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China's civilisation is now older–by 1,200 years

The Straits Times, 11 November 2000

But doubts persist over the credibility of the government-backed project, which proclaims the emergence of Chinese kingdoms 4,000 years ago

BEIJING -- China's ancient civilisation has just got a little older -- officially at least.

A government-funded study has pushed back the dates of China's earliest dynasties, shedding light on the origins of Chinese civilisation and adding fuel to a controversy over the influence of politics on scholarship.

The fruit of the biggest research project that China has conducted into its early civilisation, the findings could be significant -- if they are accepted.

They document the emergence of early Chinese kingdoms from the prehistoric New Stone Age and edge China's verifiable history to more than 4,000 years ago -- a 1,200-year jump.

It is well known that Chinese civilisation has 5,000 years of uninterrupted history, a truism proudly repeated by schoolchildren and President Jiang Zemin alike.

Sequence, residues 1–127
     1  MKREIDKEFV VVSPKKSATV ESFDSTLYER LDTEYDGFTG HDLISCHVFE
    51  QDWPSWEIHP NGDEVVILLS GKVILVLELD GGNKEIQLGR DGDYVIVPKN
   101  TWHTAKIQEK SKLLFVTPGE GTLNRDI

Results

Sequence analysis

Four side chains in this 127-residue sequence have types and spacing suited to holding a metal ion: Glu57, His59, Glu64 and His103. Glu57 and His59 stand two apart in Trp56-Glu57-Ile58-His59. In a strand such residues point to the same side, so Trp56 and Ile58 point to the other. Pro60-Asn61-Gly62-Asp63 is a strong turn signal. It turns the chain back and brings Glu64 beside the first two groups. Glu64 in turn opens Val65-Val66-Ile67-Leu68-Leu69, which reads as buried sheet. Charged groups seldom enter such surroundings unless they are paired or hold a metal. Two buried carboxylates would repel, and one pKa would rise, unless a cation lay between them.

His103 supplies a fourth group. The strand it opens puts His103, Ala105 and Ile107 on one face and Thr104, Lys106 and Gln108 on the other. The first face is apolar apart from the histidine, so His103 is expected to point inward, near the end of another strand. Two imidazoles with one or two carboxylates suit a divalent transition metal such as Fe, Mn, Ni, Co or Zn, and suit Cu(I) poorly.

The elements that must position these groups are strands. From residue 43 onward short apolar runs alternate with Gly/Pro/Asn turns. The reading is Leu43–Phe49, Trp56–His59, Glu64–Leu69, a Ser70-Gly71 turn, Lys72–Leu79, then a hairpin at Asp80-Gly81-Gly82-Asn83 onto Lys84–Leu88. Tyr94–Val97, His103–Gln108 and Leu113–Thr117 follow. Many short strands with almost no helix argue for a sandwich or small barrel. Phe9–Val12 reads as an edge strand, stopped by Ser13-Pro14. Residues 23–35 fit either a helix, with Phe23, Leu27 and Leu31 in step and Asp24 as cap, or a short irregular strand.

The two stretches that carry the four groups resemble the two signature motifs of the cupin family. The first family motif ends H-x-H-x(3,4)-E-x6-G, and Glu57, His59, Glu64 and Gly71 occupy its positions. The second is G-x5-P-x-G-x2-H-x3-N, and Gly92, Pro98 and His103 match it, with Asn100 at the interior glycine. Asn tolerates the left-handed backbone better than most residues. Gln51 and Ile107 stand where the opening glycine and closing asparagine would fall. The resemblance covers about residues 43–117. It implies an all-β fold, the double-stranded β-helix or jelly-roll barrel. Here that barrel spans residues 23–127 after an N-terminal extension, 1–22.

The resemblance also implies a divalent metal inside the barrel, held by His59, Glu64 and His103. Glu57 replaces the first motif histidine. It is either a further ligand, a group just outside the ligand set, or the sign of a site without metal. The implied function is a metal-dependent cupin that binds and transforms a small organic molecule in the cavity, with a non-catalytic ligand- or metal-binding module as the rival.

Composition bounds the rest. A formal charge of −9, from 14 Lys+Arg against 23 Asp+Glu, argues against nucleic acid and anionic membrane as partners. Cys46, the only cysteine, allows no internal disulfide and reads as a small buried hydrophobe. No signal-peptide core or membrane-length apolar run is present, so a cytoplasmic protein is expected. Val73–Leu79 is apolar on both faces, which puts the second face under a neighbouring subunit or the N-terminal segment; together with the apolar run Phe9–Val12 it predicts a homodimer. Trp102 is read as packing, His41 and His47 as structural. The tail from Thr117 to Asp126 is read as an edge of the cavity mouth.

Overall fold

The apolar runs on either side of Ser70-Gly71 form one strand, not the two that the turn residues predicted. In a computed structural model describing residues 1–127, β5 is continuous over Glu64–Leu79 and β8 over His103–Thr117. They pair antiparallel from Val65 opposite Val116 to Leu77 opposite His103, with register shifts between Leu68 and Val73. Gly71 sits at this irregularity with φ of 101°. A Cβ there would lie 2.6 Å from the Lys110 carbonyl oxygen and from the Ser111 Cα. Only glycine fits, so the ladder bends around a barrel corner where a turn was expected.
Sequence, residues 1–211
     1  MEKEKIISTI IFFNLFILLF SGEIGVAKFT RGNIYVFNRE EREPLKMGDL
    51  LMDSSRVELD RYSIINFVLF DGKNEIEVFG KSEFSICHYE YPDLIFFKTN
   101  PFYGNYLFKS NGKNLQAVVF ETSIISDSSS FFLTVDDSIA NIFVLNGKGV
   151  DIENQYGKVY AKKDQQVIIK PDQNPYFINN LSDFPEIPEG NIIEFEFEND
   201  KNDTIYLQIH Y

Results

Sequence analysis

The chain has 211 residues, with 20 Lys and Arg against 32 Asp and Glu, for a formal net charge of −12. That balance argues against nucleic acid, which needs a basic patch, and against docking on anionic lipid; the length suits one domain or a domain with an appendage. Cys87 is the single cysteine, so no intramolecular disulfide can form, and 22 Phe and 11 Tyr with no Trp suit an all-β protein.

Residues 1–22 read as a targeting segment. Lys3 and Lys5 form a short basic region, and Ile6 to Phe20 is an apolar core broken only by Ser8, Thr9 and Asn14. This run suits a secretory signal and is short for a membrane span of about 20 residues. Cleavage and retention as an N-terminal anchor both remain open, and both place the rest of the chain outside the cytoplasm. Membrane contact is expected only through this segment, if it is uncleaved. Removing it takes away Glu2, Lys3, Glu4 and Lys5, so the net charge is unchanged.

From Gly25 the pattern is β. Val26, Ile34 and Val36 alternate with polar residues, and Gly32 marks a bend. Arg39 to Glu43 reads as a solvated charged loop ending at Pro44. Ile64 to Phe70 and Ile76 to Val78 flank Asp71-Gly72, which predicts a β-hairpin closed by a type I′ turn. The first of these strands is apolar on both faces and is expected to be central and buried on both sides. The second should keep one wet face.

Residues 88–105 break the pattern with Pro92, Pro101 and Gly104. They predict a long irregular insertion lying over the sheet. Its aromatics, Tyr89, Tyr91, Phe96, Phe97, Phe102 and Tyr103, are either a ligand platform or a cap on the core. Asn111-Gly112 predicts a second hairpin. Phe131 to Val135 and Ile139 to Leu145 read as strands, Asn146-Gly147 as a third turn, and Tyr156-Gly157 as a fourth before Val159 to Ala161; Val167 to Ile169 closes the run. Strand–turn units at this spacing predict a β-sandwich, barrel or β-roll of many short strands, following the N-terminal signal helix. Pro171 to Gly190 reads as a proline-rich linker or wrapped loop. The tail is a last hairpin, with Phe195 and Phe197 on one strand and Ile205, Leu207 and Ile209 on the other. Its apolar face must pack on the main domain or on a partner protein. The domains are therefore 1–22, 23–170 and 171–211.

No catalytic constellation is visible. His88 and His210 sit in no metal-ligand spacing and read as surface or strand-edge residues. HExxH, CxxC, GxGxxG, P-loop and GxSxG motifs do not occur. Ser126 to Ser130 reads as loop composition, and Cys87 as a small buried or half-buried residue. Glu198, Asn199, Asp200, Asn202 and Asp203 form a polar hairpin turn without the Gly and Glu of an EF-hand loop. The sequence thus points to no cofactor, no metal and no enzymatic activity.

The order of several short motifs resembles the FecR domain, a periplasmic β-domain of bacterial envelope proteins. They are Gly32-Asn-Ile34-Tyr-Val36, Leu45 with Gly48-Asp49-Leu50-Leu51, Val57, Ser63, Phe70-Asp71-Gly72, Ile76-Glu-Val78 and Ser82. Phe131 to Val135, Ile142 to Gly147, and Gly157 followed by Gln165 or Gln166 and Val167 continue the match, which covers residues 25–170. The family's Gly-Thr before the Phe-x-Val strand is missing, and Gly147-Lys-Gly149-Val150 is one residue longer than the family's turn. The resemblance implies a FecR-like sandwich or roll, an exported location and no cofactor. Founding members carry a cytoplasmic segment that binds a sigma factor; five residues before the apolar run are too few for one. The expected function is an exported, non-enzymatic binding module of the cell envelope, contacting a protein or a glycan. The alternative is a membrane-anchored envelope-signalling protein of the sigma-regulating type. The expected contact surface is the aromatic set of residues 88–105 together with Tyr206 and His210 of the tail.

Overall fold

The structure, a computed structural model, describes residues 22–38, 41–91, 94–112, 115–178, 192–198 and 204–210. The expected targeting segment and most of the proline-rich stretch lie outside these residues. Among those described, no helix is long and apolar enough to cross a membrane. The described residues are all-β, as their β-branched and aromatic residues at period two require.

But as most serious scholars have long conceded, hard proof of the first 2,000 years is missing.

The results solve a batch of knotty questions long left uncertain in our country's historical chronology and fill in the blank spaces in our country's ancient annals, project director Li Xueqin said.

But the project's origins immediately raised questions about its likely findings among scholars in China and abroad -- even before the research began.

Dubbed the history project, the study was commissioned in 1995 by Cabinet member Song Jian, a physicist by training.

The government made it a priority in its five-year plan that ends this year.

The project's stated mission was to fix dates for three dynasties: the half-documented Zhou, the shadowy Shang and the myth-shrouded Xia.

But critics said Mr Song pressured the researchers to prove that China has a 5,000-year history to equal claims made by other ancient civilisations.

There are factors of national prestige involved, said Mr David Nivison, a retired Stanford University scholar who has made dating China's early dynasties a 30-year preoccupation.

Establishing the Xia as history, not legend, gives China a validated, authenticated history that rivals Babylonia or Egypt, he said.

Still, I think they're all wrong. --AP